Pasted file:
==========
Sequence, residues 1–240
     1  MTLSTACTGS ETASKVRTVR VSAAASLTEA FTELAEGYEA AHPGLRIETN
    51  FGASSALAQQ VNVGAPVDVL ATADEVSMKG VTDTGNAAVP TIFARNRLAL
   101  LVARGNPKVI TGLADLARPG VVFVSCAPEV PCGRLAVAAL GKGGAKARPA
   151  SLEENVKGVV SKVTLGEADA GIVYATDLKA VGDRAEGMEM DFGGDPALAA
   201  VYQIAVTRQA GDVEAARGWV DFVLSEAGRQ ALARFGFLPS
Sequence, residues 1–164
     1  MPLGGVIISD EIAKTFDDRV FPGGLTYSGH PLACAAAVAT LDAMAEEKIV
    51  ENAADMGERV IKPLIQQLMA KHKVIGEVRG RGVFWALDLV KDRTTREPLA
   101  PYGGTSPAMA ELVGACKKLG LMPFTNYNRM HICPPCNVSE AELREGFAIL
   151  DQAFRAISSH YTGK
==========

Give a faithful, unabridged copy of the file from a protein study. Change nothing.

Sequence, residues 1–240
     1  MTLSTACTGS ETASKVRTVR VSAAASLTEA FTELAEGYEA AHPGLRIETN
    51  FGASSALAQQ VNVGAPVDVL ATADEVSMKG VTDTGNAAVP TIFARNRLAL
   101  LVARGNPKVI TGLADLARPG VVFVSCAPEV PCGRLAVAAL GKGGAKARPA
   151  SLEENVKGVV SKVTLGEADA GIVYATDLKA VGDRAEGMEM DFGGDPALAA
   201  VYQIAVTRQA GDVEAARGWV DFVLSEAGRQ ALARFGFLPS
Sequence, residues 1–164
     1  MPLGGVIISD EIAKTFDDRV FPGGLTYSGH PLACAAAVAT LDAMAEEKIV
    51  ENAADMGERV IKPLIQQLMA KHKVIGEVRG RGVFWALDLV KDRTTREPLA
   101  PYGGTSPAMA ELVGACKKLG LMPFTNYNRM HICPPCNVSE AELREGFAIL
   151  DQAFRAISSH YTGK